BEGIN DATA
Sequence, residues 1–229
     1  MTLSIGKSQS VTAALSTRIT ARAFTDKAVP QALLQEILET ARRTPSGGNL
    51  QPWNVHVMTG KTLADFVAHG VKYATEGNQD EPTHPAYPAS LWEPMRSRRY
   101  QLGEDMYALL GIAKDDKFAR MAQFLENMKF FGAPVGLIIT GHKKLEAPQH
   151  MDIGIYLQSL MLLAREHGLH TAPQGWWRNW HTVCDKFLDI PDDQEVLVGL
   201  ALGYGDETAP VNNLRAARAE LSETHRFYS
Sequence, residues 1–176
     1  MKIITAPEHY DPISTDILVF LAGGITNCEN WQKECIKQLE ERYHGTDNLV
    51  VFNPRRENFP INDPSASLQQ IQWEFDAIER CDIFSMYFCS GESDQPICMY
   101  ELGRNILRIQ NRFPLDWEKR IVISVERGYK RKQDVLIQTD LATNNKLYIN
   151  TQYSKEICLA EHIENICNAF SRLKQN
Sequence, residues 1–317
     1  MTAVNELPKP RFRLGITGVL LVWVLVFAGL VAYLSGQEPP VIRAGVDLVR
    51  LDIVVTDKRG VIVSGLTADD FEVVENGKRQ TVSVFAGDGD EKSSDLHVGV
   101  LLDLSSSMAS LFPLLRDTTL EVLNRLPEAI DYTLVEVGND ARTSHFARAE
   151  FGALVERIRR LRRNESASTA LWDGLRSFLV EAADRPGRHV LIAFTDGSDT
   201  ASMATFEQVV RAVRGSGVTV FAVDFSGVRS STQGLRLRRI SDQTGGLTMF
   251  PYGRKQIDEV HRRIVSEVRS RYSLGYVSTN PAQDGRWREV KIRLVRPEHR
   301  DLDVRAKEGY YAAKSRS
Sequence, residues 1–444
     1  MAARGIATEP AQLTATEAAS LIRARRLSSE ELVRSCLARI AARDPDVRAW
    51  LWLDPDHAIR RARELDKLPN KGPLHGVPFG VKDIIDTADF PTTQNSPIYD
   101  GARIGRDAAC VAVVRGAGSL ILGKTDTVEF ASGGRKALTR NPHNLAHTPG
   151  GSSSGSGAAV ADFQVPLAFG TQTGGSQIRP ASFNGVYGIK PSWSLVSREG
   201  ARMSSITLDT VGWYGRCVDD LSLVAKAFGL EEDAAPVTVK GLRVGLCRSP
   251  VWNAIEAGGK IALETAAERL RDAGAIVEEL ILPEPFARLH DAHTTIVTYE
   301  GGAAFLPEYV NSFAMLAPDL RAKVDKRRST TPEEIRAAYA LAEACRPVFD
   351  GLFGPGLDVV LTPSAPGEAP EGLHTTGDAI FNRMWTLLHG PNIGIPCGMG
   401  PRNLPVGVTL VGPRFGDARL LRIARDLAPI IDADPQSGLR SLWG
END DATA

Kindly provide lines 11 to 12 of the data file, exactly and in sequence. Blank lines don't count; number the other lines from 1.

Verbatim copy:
   151  TQYSKEICLA EHIENICNAF SRLKQN
Sequence, residues 1–317